After years of harassing the Mardi Gras Indians with police cruisers, their sirens, and lights. Many years arrests occurred as well. The police have enforced a phony curfew on this historic New Orleans tradition, stopping all Indian activity after 6 pm.
Police have further encumbered the Indians by suggesting Indian gangs get parade permits. Councilwoman Susan Guidry stated this was going to end. Jerome Scott, founder of the Tambourine and Fan youth organization, who teaches youngsters about the Indian traditions and New Orleans culture, said the harassment takes the beauty out of it.
“You cannot police a bird,” said Smith.
A trial involving an accident and subsequent injuries on a Mardi Gras float has been continued without date after the New Orleans Police Department (NOPD) and an unidentified insurance company were added as defendants. Michael and Kim Duplantier are suing the Krewe of Pygmalion, Paidia Club Inc. (doing business as the Bards of Bohemia-BOB) and NOPD, after the float the couple was riding on crashed into a tree and allegedly cause debilitating injuries to Michael Duplantier.
A bench trial set for Jan. 10 had originally been listed on the docket. Judge Robin Giarusso is overseeing the case.
Assistant City Attorney Detrich Hebert is representing the city of New Orleans and NOPD. Metairie attorneys Michael Futrell and Cy Lowe are representing Pygmalion and their insurer, Scottsdale Insurance Co. Local attorney Thomas Schwab is representing the Bards.
Gretna attorney James Shields Sr. filed the original petition for damages in June 2005. The suit claims that, “a series of negligent, reckless decisions was made” by the NOPD and Pygmalion officials by trying to get the float to catch up to the rest of the parade. The suit claims that the NOPD and Pygmalion were negligent in allowing the float to travel at excess speeds to try and catch up to the parade and that the accident is a direct cause of that decision-making.
The Duplantiers claim were riding on a Mardi Gras float in January 2005 owned by the Krewe of Pygmalion and contracted to the Bards of Bohemia when the tractor which was pulling the float experienced a flat tire. After several delays in repairing the tractor, the float tried to catch up to the parade, which had already left and, in the process of passing a cleaning crew, struck a tree’s overhanging limbs causing the top section of the float to break and fall on top of Michael Duplantier, causing “crippling” injuries to his spine.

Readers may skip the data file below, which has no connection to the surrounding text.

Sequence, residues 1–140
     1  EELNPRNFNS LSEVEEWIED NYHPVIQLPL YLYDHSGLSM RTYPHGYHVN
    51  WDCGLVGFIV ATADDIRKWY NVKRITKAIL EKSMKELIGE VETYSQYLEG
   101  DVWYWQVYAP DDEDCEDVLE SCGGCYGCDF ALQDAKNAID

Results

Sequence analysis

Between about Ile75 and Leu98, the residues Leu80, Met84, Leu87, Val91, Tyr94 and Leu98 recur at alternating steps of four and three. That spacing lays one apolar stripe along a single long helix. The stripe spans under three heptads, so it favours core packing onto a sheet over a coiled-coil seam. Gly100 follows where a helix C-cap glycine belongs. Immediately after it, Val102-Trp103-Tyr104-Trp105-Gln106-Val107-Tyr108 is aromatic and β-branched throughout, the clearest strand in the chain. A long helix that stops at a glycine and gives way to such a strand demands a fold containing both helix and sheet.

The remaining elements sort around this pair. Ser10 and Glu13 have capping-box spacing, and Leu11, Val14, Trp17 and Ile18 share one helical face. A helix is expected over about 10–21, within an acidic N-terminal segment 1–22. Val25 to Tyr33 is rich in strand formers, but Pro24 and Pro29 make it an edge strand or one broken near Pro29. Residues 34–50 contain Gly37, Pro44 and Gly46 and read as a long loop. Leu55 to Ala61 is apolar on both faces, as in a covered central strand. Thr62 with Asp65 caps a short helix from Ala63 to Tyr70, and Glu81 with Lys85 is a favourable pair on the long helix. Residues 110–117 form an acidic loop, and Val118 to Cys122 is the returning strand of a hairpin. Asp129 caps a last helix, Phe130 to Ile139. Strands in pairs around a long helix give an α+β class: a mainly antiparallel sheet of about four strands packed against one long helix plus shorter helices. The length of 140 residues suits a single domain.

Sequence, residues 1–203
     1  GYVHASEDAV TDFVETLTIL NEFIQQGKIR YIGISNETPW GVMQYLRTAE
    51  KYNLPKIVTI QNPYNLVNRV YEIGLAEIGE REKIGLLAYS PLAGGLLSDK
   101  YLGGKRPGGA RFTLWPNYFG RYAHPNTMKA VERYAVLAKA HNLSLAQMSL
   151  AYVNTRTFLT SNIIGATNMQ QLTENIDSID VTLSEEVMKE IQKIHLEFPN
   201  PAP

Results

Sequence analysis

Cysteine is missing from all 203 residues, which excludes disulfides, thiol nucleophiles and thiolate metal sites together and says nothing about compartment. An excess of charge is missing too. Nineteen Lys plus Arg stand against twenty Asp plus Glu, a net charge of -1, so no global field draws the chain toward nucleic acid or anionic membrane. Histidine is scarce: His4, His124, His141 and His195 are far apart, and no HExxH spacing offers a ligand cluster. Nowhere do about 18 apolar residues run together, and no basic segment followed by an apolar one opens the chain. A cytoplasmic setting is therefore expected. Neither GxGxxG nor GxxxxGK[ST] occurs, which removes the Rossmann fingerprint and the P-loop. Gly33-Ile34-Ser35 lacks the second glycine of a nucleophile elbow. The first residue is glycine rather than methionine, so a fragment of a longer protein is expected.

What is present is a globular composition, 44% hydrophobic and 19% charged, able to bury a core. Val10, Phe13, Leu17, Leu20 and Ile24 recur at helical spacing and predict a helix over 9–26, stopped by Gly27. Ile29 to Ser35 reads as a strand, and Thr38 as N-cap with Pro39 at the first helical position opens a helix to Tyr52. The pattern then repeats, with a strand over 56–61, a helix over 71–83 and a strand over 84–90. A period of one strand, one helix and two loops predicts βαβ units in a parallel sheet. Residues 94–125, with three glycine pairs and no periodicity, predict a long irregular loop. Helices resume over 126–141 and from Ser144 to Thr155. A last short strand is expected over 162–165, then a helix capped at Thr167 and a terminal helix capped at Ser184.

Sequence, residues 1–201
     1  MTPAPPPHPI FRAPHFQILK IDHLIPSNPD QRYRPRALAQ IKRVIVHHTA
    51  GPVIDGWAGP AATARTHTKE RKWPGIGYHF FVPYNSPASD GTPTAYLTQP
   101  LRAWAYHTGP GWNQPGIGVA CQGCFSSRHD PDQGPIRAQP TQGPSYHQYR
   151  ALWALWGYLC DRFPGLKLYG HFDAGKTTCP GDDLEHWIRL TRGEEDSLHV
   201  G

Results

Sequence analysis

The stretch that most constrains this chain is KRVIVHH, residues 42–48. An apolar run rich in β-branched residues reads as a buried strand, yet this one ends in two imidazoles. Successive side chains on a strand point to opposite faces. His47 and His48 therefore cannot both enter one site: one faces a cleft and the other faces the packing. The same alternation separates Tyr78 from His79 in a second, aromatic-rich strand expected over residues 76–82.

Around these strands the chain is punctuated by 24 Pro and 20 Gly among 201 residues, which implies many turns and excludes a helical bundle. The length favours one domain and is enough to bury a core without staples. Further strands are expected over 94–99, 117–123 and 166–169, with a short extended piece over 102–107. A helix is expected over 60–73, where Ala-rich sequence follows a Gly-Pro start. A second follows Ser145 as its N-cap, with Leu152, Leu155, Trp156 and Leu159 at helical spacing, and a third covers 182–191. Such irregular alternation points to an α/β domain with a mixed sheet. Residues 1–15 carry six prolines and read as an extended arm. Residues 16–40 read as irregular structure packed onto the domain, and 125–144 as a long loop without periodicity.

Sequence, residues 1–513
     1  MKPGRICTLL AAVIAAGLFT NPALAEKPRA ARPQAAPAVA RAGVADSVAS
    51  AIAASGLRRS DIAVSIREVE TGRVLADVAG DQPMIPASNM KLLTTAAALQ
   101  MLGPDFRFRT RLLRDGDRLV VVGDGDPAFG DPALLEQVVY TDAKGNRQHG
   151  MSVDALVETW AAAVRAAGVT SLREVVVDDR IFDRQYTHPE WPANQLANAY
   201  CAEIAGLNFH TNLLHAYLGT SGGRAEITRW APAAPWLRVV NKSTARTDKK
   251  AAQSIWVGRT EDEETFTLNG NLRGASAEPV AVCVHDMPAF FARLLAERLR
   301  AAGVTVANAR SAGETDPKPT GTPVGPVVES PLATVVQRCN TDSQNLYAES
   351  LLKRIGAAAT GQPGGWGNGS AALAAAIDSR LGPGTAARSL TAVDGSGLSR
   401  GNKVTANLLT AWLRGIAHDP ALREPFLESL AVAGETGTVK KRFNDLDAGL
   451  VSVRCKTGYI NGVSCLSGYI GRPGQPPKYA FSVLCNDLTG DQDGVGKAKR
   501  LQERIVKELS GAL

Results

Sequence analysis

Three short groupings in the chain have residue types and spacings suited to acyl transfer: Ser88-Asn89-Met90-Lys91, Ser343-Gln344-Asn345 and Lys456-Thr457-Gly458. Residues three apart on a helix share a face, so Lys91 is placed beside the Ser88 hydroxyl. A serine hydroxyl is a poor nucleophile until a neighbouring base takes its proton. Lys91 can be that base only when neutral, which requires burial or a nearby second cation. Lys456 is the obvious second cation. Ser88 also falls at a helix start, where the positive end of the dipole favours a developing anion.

Entergy Corp. was originally named as a defendant in the suit – the New Orleans electricity provider is charged with clearing overhanging limbs on Mardi Gras parade routes – but the plaintiffs filed motion to dismiss Entergy without prejudice in July 2006.
Orleans Parish Case 2005-07739
Hotels in the French Quarter report an upswing in bookings of around 15% as New Orleans Saints fans from around the globe head to New Orleans instead of Miami, site of Super Bowl 44. According to some of the major bar owners in the Quarter, win or lose, they expect Quarter traffic to mirror the crowd the last few days before Fat Tuesday. That would just about fill up all rooms by Fat Tuesday.
The French Quarter streets are heavily decorated in the team colors, and Saints fever has struck region wide. Everyone downtown is wearing black & gold beads.
Police will increase their coverage in the French Quarter this weekend, adding approximately 600 officers, police spokesman Bob Young said. That’s about the number the city would deploy if New Orleans were hosting the game.
Saints Mania throughout New Orleans is at an all time high, crossing every economic strata. After 43 years of marching around the desert, we finally have arrived at the promised land- the Super Bowl. Win or lose, there will be big party in New Orleans Super Bowl night to celebrate our Saints Super Bowl Appearance.
It’s amazingly ironic that super native son Peyton Manning, Indianapolis Super Quarterback, scion of legendary Old Miss and Saints Quarterback Archie Manning and brother of New York Giants Quarterback Eli Manning, is the Saint’s key adversary against our own Super Quarterback, Drew Brees. Peyton, like his two brothers Cooper and Eli, all attended Newman High School on Jefferson Avenue uptown. They all grew up uptown, as Archie remained in New Orleans after his football career ended. That’s as New Orleans as it gets. So it’s one Super New Orleanian, Drew Brees against another Super New Orleanian, Peyton Manning. Fireworks are expected! The Super Shoot Out of Super New Orleanians!!